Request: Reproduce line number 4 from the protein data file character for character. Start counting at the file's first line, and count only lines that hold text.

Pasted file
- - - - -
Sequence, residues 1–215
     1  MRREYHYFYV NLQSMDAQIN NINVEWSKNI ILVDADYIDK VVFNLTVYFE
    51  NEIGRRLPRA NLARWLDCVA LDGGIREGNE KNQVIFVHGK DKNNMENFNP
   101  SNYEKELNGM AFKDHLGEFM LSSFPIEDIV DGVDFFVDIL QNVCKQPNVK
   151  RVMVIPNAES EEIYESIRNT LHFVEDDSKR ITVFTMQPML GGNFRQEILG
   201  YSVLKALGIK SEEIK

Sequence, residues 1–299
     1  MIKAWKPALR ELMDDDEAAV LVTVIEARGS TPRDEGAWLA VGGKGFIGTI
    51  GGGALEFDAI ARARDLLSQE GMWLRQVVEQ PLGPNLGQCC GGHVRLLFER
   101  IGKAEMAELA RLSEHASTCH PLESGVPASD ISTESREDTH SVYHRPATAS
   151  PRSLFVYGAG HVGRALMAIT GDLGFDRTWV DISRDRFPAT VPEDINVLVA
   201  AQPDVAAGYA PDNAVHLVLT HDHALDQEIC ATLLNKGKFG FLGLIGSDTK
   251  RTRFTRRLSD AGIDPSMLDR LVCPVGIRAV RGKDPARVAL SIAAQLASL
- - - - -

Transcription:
   101  SNYEKELNGM AFKDHLGEFM LSSFPIEDIV DGVDFFVDIL QNVCKQPNVK